Median = = =

The 25^{th} member is 20 marks

The 26^{th} member is 20 marks

i.e. median score = = = 20 marks

i.e. median score = 20 marks.

**Advantages of Median as a Statistical Tool
**(i) Easily understandable and easy to calculate.

(ii) Unlike the mean, it is not affected by extreme scores. That is, it is not sensitive to wide variations.

(iii) It can be depicted on frequency graphs.

**Disadvantages of Median as a Statistical Tool
**(i) When large numbers of scores are involved, arranging in ascending or descending order is a difficult and cumbersome task.

(ii) It is sensitive to small sample size.

(iii) It does not lend itself to further statistical analysis.

(iv) It is not representative of scores in a given set

**Mode
**This is the most recurring score in a given set of scores, items or events. In other words, it is the score or item with the highest frequency in a given distribution sample. The mode of a given set of scores is determined by inspecting carefully which of the items or scores occurs most number of times than other scores assuming the distribution is unimodal (having only one mode).

If two items or scores have the same number of highest occurrence, the distribution is considered to be bimodal. Further, if more than two items or scores have the most occurring frequency, such a distribution would be said to be multimodal.

For example, the mode of the following set of scores; 2, 3, 4, 4, 5, 5, and 5 will be 5 which occurred three times and more times than any other scores. If the distribution of a set of scores ¡s given as 2, 3, 3, 4, 4, 4 5, 5, 5, 6, 7, and 8, in this case 4 and 5 both occurred most frequently, three times each, this is a case of bimodal mode distribution.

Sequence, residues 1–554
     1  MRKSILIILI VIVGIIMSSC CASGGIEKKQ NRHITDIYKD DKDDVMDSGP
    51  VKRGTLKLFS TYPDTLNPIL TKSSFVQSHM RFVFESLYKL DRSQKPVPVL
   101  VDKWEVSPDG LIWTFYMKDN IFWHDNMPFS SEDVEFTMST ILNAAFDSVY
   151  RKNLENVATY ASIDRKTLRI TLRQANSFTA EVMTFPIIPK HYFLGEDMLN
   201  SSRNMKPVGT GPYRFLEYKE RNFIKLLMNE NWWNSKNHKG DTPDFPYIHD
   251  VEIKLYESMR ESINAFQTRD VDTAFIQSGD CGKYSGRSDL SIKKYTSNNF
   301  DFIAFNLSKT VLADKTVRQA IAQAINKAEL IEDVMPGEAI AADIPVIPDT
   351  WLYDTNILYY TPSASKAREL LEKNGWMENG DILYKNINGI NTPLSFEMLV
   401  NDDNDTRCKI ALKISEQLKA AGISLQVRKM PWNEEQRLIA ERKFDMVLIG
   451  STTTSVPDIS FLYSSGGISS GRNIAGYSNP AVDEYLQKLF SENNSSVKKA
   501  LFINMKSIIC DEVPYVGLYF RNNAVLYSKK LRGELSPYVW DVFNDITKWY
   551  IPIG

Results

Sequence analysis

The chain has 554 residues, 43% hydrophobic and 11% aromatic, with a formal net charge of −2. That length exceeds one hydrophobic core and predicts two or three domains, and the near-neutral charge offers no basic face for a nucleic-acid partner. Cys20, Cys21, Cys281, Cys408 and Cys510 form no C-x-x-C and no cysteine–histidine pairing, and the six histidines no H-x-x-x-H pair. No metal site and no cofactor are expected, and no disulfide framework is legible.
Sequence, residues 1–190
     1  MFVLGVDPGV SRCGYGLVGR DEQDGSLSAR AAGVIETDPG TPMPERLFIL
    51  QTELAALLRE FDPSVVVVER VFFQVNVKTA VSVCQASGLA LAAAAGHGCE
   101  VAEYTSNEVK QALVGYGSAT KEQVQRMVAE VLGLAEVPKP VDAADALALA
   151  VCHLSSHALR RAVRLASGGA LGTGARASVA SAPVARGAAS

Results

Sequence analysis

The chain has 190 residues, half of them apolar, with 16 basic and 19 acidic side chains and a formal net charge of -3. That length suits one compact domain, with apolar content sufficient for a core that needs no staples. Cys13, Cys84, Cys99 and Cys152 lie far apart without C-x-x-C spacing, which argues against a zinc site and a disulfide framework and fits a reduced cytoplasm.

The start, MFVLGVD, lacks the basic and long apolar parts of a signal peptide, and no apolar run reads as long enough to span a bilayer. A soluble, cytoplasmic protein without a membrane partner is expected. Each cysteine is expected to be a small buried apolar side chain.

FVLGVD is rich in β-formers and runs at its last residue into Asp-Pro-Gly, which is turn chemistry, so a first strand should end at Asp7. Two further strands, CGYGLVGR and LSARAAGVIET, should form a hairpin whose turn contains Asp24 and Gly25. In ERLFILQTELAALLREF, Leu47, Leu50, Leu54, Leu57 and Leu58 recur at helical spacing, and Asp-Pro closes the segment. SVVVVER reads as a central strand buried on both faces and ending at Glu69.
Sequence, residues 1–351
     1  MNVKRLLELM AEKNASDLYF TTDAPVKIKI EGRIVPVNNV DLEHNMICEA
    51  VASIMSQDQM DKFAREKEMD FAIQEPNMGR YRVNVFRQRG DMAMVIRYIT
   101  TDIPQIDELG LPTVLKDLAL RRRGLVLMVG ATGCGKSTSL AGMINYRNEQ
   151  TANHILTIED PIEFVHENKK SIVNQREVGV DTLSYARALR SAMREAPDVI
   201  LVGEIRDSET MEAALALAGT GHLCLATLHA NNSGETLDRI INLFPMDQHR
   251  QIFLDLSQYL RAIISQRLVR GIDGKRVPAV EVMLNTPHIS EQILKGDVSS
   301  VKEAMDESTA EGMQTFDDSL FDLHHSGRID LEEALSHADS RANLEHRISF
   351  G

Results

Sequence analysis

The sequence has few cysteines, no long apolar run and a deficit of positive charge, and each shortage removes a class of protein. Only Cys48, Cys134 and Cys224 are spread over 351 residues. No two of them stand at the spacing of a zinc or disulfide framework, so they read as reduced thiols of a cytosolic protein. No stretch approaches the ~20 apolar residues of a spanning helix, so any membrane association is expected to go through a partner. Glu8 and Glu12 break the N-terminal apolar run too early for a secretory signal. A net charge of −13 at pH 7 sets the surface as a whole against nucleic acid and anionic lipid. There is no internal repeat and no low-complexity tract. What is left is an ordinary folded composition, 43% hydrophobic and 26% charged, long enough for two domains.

**Advantages of Mode as a Statistical Tool
**(i) It is considerably simple to comprehend.

(ii) Also, it is easy to calculate.

(iii) It can be depicted graphically.

(iv) It is the most ideal, if there is the need for a quick measure of central tendency to be given in a set of scores.

**Disadvantages of Mode as a Statistical Tool
**(i) All items or scores in a given set of distribution are not duly considered. Thus, it may not be representative of a set of scores.

(ii) The possibility of bimodal and multimodal modes reduces the statistical usefulness of the mode.

(iii) The degree of accuracy determination in group data is poor.

(iv) Often, in view of (iii) above, its precise location in a given distribution is not definite.

**Geometric Mean
**Geometric mean formula, as the name suggests, is used to calculate the geometric mean of a set of numbers. Geometric mean (or GM) is a type of mean that indicates the central tendency of a set of numbers by using the product of their values.

It is defined as the nth root of the product of n numbers. It should be noted that you cannot calculate the geometric mean from the arithmetic mean. In statistics, the geometric mean is well defined only for a positive set of real numbers.

The geometric mean is denoted by letter GM. it is derived from a set of n observation by taking the n^{th} root of the product of the numbers, i.e.

G = where x = individual value

**Example**: Find the geometric mean of 4 and 3?

**Solution**: Using the formula for G.M., the geometric mean of 4 and 3 will be: = x = = 3.46

i.e. GM = 3.46